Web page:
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Help with bookings


Novice Member
Jul 20, 2005
I had my first show last wednesday and I got about $300 in orders, but no bookings. But then again didnt really push people to book. Please give me ideas on how to push bookings without being to over bearing. I really want my business to continue to grow. I have three parties for September and four possible in october. These are all family and friends. Any tips on getting bookings would be greatly appreciated.

Thanks :)


Apr 22, 2005
I would call everyone from the show. Ask each one individually if they enjoyed and if they might be interested in hosting a show. I don't think you are being pushy to ask for bookings at a show. Its like when you go to McDonalds and they ask you if you would like to super size. When you are calculating their order you can just ask. Would you be interested in hosting your own show. If that makes you too uncomfortable, just mention the upcoming Host Specials and that the host of that night will receive the Host Special at each show that is booked from hers. I always get people this way. My show last week I said that the Host really loves PC and has her eye on the new Roasting Pan, someone booked for October. Then I stressed that she will get a special from anyones show who books. She had 2 other bookings that night. The other 2 have not set a date yet. Good Luck. Hope I helped.

Debbie :D


Legacy Member
May 6, 2005
Another thing you can say during the phone calls (incase you're uncomfortable with it seeming like you're JUST asking for bookings) can be you're just checking with them to make sure there are no changes to your order. Have you submitted the show yet? This only works if you haven't submitted the show because you MIGHT get someone making an addition to their order. I try to do do "Morning After Calls" (or two days after calls depending on my schedule :) ) and that's where I'll let people know that we're planning to close the show out on such and such day and I'm just letting them know if they have any changes or additions to their orders, to let me know by then. It's a great time to work in there any upcoming specials for hosts to gauge their interest. You could start out by asking if they had fun. If yes (nobody will tell you no, even if they didn't have a good time), let them know that you can come cook for THEM and prepare one of the new recipes for them and their friends at THEIR party. I'm trying to get away from the phrase "booking a show" to make it sound more fun and appealing. Use the term "cooking class" or something to that effect. Highlight the fact that we have SO many new products that make holiday entertaining GREAT, so it's a perfect time. Offer a "CPR" class....cooking, preparing and RELAXING through the holidays. Even if you don't do a "holiday" type recipe at your show, you can hand out tips or something like that.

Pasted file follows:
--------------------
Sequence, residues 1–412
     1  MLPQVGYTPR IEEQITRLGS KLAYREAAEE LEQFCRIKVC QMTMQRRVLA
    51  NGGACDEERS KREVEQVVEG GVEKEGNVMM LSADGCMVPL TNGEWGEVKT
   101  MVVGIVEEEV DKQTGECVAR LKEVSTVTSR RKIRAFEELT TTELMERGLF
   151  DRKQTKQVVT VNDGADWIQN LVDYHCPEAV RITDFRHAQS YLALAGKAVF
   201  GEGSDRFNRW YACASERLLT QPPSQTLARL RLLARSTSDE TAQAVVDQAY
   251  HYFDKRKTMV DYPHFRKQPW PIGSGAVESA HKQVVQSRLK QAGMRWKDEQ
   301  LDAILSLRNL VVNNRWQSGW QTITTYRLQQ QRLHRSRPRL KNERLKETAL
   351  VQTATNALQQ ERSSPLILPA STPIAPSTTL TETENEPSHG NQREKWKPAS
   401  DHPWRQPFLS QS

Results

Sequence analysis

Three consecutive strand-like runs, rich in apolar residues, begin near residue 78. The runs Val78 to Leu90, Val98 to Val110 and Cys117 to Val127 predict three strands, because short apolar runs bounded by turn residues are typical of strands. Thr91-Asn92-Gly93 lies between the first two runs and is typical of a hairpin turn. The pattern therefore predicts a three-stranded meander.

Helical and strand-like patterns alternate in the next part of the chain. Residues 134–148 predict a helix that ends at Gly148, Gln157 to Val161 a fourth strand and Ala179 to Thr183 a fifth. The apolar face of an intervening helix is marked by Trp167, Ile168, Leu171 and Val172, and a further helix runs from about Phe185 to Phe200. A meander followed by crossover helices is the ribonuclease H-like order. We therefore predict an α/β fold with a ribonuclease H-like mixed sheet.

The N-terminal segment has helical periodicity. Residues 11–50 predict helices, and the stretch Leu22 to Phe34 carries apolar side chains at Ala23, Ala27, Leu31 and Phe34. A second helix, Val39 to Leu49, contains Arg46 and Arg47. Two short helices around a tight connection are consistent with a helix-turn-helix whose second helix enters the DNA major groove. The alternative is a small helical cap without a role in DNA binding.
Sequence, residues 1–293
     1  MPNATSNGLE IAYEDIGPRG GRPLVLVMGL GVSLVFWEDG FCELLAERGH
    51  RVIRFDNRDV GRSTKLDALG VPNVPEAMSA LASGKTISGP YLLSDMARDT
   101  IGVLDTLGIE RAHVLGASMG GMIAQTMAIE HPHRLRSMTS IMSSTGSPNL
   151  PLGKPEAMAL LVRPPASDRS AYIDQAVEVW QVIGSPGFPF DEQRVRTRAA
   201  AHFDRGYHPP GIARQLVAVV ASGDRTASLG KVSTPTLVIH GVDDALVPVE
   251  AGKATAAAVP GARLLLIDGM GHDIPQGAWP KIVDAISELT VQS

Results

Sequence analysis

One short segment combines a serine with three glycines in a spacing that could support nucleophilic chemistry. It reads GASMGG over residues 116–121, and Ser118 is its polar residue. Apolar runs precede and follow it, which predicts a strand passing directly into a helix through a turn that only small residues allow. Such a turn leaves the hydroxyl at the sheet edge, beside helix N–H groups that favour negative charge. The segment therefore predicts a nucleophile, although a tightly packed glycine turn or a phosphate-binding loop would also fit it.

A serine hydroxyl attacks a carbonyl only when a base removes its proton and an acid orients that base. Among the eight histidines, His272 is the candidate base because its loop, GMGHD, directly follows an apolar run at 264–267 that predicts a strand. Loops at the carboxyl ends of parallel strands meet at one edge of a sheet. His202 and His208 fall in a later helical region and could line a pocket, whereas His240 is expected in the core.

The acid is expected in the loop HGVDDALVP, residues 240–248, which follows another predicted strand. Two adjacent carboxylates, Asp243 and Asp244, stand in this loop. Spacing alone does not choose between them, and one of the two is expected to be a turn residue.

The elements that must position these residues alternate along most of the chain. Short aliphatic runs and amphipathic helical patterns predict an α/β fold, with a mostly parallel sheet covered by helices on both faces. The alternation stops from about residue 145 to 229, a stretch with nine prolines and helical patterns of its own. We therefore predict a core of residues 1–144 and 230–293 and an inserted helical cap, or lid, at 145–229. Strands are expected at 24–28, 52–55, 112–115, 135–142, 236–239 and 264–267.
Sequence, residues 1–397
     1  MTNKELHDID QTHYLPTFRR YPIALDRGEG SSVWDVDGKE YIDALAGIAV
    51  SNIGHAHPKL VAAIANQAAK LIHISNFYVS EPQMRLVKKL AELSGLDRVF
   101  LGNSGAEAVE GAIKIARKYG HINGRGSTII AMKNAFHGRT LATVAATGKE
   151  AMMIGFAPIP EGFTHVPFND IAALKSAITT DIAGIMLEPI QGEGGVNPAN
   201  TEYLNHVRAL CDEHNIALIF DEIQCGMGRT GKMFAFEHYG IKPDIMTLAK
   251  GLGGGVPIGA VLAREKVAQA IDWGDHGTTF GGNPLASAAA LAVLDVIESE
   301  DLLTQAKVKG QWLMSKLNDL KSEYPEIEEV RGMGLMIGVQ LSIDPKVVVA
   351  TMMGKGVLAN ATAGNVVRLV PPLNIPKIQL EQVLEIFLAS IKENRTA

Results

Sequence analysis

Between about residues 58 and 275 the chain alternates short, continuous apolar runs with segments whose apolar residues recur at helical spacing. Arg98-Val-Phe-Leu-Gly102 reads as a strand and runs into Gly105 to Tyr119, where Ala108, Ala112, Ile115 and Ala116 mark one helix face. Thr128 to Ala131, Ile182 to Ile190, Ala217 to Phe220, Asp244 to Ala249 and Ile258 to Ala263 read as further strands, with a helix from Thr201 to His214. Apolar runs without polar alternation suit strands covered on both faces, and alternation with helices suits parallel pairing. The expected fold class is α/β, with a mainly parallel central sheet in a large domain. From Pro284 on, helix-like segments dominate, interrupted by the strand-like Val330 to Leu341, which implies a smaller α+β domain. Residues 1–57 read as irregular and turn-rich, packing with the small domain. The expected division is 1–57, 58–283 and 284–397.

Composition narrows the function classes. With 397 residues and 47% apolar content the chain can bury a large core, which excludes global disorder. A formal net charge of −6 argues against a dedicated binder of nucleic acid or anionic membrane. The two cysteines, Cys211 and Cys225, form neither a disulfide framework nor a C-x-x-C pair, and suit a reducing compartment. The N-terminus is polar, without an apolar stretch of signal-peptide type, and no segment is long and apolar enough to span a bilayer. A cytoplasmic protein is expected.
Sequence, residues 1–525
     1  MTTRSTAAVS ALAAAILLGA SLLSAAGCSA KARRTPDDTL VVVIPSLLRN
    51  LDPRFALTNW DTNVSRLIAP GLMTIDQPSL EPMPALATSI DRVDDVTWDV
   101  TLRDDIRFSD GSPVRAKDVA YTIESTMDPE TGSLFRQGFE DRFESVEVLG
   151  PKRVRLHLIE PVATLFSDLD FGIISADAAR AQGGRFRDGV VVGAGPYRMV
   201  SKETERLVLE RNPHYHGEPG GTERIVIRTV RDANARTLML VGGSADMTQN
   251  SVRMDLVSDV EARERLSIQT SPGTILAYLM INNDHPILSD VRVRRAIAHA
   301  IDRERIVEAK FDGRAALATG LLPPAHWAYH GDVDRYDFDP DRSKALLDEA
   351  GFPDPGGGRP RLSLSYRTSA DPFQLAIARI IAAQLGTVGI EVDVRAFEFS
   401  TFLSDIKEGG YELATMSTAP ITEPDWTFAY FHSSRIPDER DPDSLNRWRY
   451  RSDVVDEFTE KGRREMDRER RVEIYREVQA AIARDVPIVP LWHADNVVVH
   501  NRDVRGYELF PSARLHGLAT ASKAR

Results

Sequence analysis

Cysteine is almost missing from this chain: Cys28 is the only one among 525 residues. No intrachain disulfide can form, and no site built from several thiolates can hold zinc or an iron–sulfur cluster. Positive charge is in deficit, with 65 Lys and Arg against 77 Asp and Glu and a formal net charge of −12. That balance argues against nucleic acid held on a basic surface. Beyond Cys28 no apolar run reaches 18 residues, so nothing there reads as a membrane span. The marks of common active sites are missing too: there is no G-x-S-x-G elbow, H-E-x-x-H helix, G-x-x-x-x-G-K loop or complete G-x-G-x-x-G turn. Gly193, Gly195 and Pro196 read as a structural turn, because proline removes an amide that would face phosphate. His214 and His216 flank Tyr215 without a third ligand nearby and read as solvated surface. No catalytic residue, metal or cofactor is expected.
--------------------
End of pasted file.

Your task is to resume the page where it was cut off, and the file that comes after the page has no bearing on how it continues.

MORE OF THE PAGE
Some people have offered the Stoneware Dollar Days as an incentive where the host can get a piece of stoneware for the amount of the date (a piece for $15 on the 15th of the month). This may not be as appealing in September because there is already such a good deal on stoneware, but you could do it with different products....like "Kitchen Companion" products or Simple Additions. I have yet to try this, but from the feedback I've heard on this site, it can work quite well!

Good luck!! Hang in there. :)


Hosting a show is one of the best "products" you can offer

I understand that you don't want to feel pushy about bookings...I think we've all been there, especially early on in the business.

If you're familiar, inside and out, with the host program, then you should be very comfortable with asking for bookings. I always stress the benefit to the current host ("You know, Susie, when you book your show for anytime in the next 6 months, your friend Ann will get to choose the 60% off Host Bonus for the month along with you! Isn't that a great thank you gift? Can I tell you a bit about what's on tap for upcoming hosts at 60% off?").

Also, the guest's sales receipt might give you a clue as to whether she might be interested in hosting. Did she order stones? Did she order Simple Additions pieces?

Also, when you go around the room for introductions ("Tell me your name, how you know our host, and what PC product you would give as a gift because it's one of your favorites") try to remember who mentions some of the bigger ticket items or collections such as stones, SA, or cookware.

Honestly, though, you'll find it easier to ask for the bookings once you change your perception of what you're asking for. You're NOT asking them to help you, you're asking them to let you help them!


Apr 22, 2005
I have to re-phrase. I don't call people just for bookings. I wait until I know they have gotten their merchandise. I basically use that as the reason I am calling and then I slip in "Did you ever think about hosting a show", or "Did you ever think about doing what I do". It seems to work for me anyway.


Mar 26, 2005
High Cost Products